Join the Australian Children’s Laureate to learn how to draw three of his crazy but lovable characters: Mr Chicken, Old Tom and Horrible Harriet. He will also teach budding young artists how to create their very own characters.

6+
Leigh Hobbs

Hay Player

Richard Harries talks to Mary Loudon

The Beauty and the Horror: Searching for God in a Suffering World

Hay Festival 2017, 

Life is at once wonderful and appalling, beautiful and horrific. How can we live with this contradiction? And how can we believe in a just and loving God in the face of all the evils of the world?  Lord Harries was Bishop of Oxford for 19 years.

Richard Harries talks to Mary Loudon

Hay Player

Helen Rappaport

Caught in the Revolution: Petrograd, 1917

Hay Festival 2017, 

Between the first revolution in February 1917 and Lenin’s Bolshevik coup in October, Petrograd was in turmoil – felt nowhere more keenly than on the fashionable Nevsky Prospekt, where the foreign visitors and diplomats who filled hotels, clubs, bars and embassies were acutely aware of the chaos beneath their windows. Rappaport draws upon the diaries and letters of these international witnesses, to carry us right into the action: to see, feel and hear the Revolution as it happened.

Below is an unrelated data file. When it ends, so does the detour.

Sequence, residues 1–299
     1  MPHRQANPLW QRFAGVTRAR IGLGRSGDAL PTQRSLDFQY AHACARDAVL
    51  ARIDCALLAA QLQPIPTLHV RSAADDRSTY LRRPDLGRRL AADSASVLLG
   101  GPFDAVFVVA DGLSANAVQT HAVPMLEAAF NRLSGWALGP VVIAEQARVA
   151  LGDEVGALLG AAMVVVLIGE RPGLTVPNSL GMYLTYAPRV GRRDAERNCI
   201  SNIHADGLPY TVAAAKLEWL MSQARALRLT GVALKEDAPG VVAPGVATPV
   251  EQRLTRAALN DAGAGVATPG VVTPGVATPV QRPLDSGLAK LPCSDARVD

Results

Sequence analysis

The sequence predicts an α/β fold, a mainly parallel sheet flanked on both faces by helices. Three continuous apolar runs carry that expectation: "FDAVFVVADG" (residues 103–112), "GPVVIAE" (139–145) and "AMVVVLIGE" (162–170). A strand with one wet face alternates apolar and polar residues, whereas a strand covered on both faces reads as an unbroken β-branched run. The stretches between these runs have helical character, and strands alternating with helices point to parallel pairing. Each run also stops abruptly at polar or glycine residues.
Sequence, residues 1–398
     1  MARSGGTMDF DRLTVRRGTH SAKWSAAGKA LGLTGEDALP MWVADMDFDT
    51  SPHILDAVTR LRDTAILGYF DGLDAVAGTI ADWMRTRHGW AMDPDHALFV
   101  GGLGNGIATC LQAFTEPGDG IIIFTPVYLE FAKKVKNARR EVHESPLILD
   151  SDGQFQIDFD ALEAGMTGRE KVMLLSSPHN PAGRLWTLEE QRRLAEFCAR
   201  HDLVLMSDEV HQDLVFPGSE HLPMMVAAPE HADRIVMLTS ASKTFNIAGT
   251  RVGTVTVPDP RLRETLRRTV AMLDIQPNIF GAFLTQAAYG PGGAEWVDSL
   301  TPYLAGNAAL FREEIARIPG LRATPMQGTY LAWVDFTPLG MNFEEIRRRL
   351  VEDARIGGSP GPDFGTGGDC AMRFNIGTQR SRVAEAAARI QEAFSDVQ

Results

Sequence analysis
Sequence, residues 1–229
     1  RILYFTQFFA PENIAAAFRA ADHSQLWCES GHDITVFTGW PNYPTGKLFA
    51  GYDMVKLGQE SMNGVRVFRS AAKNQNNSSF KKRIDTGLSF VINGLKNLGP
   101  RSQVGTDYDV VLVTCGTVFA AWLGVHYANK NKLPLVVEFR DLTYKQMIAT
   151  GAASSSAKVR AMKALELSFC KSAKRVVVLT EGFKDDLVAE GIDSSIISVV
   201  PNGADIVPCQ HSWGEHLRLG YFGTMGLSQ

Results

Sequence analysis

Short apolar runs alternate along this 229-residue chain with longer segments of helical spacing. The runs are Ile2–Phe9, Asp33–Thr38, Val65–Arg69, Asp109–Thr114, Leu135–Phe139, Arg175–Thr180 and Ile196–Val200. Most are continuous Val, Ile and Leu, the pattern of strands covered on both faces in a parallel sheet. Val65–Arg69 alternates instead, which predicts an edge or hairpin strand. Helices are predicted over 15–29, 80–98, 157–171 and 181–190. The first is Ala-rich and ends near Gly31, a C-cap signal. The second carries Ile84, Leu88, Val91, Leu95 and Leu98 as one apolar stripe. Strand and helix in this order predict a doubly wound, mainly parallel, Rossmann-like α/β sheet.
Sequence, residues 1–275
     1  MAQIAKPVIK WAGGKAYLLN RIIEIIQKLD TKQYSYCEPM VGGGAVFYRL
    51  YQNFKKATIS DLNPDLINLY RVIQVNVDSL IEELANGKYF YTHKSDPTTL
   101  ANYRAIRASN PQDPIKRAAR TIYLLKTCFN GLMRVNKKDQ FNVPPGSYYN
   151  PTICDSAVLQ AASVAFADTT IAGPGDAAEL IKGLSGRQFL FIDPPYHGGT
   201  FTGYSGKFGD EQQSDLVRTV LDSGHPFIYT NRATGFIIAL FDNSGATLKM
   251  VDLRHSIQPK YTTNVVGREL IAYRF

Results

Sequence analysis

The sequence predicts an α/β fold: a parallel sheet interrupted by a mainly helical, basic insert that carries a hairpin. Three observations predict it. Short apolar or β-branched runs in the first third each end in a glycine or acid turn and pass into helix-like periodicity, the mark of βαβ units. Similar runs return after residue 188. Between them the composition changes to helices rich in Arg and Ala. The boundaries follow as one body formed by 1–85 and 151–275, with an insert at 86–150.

Helen Rappaport

Hay Player

Alastair Sawday talks to Kitty Corrigan

Travelling Light: Journeys Among Special People and Places

Hay Festival 2017, 

The campaigner, publisher and wanderer has spent his life travelling: “The richer our imaginations, the richer our travel experience. We British do things one way and the Spaniards another; there are unlimited ways of doing everything. Kindness is found in unexpected places, as is eccentricity. Eccentrics are an endangered species and need as much protection as does the house sparrow.”

Hay Player

Louise Gray, Steve Ormerod and Tony Davies talk with Katie-Jo Luxton

The Nature of Brexit: challenges and opportunities for wildlife and farming

Hay Festival 2017, 

In 2016 over 50 organisations came together across the UK to produce and publish the second State of Nature report. It shows that the UK is one of the most nature-depleted countries in the world. The long-term future of farming is at stake if the natural systems on which it is based are depleted. Our panel looks at what the next 30 years could look like if the natural environment was placed at the centre of farming policies post-Brexit. Poet Martin Daws will open and close this event.

Louise Gray, Steve Ormerod and Tony Davies talk with Katie-Jo Luxton

Hay Player

Laia Jufresa and Cynan Jones talk to Daniel Hahn

Fictions: Survivors

Hay Festival 2017, 

With its taut narrative and its wincingly visceral portrait of a man locked in an uneven struggle with the forces of nature, Jones’s Cove is a powerful new work from one of the most distinctive voices in British fiction. Jufresa’s Umami is a quietly devastating novel of missed encounters, missed opportunities, missed people, and those who are left behind. Compassionate, surprising, funny and inventive, it deftly unpicks their stories to offer a darkly comic portrait of contemporary Mexico, as whimsical as it is heart-wrenching.

Laia Jufresa and Cynan Jones talk to Daniel Hahn